The James Group Newsletter Vol. 6, Num. 2: UT Plan for Medicaid Expansion, 'Medicare For All', Medicare Adv Plan, Measles Outbreak, MS Abortion Bill, Counseling for Mothers, CVS HC Services, MD Payment Ins Plan, FDA and Supplements, Youth Vaping, Immunotherapy

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February 15, 2019 

Volume 6, Number 2

In This Issue

UT Plan for Medicaid Expansion

‘Medicare For All’?

Chance to Change Medicare Adv. Plan

Measles Outbreak

MS Advances Strict Abortion Bill

Counseling Covered For New Mothers

CVS: Health Care Services

MD: Payment Insurance Plan

FDA: Oversight of Supplements

Youth Smoking Decline Stalls—Vaping?

Immunotherapy Results in Extended Survival

Processed Foods: Shorter Life

TJG On Facebook

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Kaiser Health News: Utah’s Novel Plan For Medicaid Expansion Opens Door To Spending Caps Sought By GOP
Utah this week became the 35th state to approve expanding Medicaid under the Affordable Care Act, but advocates for the poor worry its unusual financing could set a dangerous precedent and lead to millions of people losing coverage across the country. That’s because the plan includes unprecedented annual limits on federal and state spending. Those restrictions would be a radical change for Medicaid. Since it began in 1966, the state-federal health program for low-income residents has been an open-ended entitlement for anyone who meets eligibility criteria. State and federal spending must keep pace with enrollment. (Galewitz, 2/14)

Source: Kaiser Health News

The Hill: Dems Offer Smaller Step Toward ‘Medicare For All'
“This is something that is not pie in the sky or aspirational,” said Rep. Joe Courtney (D-Conn.), a co-sponsor of the buy-in bill. “This is a piece of legislation where you could turn the switch on overnight.” The measure was introduced by Sens. Sherrod Brown (D-Ohio), Debbie Stabenow (D-Mich.) and Tammy Baldwin (Wis.) and Reps. Courtney, Brian Higgins (D-N.Y.) and John Larson (D-Conn.). Meanwhile, progressive House Democrats are preparing their Medicare for all bill, which would largely eliminate the private insurance industry and move everyone into a single-payer, government-run system. (Hellmann, 2/13)

Source: The Hill

The Associated Press: Now's Your Chance To Change Your Medicare Advantage Plan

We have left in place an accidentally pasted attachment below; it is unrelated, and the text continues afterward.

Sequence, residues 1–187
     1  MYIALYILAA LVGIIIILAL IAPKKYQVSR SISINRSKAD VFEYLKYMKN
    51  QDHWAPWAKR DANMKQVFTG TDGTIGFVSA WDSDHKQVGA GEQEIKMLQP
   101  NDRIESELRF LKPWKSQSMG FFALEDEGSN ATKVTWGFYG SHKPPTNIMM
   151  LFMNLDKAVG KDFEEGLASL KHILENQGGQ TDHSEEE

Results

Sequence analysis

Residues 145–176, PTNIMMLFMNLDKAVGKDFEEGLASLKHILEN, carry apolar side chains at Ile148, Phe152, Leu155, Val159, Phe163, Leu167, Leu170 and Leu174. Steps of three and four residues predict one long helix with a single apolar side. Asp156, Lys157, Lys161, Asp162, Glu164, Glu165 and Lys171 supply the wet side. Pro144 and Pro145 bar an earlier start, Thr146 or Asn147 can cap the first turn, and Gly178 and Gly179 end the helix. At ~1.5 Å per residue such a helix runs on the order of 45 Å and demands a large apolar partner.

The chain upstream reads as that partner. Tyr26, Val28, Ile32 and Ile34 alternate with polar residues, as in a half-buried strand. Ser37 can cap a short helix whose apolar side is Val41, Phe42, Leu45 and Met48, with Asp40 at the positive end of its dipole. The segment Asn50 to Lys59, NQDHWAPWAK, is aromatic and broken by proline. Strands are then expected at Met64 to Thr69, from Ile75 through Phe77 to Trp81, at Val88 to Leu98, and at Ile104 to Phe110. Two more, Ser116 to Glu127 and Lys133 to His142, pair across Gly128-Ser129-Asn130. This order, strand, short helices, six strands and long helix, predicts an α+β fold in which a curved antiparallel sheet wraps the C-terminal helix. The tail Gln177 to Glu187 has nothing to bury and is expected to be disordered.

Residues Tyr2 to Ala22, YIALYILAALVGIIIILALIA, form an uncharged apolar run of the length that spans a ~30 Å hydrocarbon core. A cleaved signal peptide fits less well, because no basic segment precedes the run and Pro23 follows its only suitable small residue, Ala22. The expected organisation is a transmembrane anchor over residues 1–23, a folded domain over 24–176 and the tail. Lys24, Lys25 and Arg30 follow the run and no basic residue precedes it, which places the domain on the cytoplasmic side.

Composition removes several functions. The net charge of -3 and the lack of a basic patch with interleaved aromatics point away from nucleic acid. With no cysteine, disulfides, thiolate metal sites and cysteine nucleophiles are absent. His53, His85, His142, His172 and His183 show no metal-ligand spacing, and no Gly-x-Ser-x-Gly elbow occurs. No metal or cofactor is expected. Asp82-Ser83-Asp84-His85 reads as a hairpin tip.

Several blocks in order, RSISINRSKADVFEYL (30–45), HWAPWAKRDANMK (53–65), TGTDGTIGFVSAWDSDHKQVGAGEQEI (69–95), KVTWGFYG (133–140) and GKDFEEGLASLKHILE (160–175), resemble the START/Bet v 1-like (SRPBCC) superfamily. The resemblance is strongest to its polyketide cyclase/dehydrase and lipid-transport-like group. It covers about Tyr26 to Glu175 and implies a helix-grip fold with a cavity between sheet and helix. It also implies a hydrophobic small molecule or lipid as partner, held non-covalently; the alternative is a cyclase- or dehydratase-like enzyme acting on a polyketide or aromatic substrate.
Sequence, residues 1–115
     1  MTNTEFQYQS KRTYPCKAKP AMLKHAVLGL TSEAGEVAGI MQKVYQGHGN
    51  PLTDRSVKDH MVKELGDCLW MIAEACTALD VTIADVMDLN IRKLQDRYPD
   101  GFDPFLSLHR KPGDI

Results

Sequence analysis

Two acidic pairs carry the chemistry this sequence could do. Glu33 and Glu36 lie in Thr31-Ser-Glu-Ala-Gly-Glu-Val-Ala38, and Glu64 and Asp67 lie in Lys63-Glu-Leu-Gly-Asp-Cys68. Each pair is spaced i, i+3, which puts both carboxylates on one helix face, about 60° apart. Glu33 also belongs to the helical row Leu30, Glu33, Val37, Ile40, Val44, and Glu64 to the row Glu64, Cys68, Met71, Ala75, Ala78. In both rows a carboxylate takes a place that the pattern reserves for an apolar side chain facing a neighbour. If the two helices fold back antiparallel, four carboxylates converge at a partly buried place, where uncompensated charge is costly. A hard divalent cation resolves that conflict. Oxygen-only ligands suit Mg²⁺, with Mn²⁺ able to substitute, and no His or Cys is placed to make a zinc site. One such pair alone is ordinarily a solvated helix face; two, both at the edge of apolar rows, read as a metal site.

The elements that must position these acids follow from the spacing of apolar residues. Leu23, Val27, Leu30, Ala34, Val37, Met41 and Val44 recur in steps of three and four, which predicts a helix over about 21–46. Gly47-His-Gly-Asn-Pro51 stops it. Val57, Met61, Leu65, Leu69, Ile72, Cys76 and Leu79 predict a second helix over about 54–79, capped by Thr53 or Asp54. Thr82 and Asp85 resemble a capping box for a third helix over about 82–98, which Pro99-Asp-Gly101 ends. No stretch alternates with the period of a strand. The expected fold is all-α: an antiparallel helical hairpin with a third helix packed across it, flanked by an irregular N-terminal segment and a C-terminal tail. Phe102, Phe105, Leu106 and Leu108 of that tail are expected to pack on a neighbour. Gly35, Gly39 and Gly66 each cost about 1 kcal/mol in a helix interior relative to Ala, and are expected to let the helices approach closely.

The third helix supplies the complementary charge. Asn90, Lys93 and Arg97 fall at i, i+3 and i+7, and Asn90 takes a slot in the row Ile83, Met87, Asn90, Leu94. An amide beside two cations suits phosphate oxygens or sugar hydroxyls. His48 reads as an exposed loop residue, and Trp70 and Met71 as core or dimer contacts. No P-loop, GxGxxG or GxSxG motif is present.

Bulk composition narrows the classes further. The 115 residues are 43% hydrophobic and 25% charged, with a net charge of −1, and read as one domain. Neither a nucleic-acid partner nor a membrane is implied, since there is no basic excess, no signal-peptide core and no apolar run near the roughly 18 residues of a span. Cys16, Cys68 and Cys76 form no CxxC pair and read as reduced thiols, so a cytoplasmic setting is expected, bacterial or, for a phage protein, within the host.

Medicare Advantage enrollees get a new, second chance to find the right health coverage this year. The government added another enrollment window that started Jan. 1 and lasts until March 31. It gives people with privately run versions of the federal Medicare program a chance to change plans or switch to regular Medicare. Until now, Medicare Advantage customers who wanted to make a big switch outside the program's annual fall sign-up period had to rely on a shorter, more limited window. (2/13)

Source: The Associated Press

The Washington Post: Measles Outbreak: As Americans Reject Vaccines, Health Workers Abroad Risk Death To Deliver Them
In early October, three cases of measles were confirmed in Antanarivo, the capital of Madagascar. The highly contagious virus quickly spread across the island nation; by the next month, thousands of cases had been confirmed. The crisis only grew from there. Madagascar has poor health-care infrastructure and a low vaccination rate. But public health experts say its dangerous measles outbreak still offers a warning for anti-vaccination campaigners in the United States, where a smaller-scale flare-up has led to more than 100 confirmed cases since the beginning of the year. (O'Grady, 2/13)

Source: The Washington Post

The Associated Press: Mississippi Advances Ban On Abortion After Fetal Heartbeat
Mississippi is working toward enacting one of the strictest abortion laws in the nation, in a race with other states to push a legal challenge to the more conservative U.S. Supreme Court. The Republican-controlled Mississippi House and Senate passed separate bills Wednesday to ban most abortions once a fetal heartbeat is detected, about six weeks into pregnancy. Efforts to pass similar bills are underway in Florida, Kentucky, Ohio, South Carolina and Tennessee. (2/13)

Source: The Associated Press

The New York Times: Depression During And After Pregnancy Can Be Prevented, National Panel Says. Here’s How.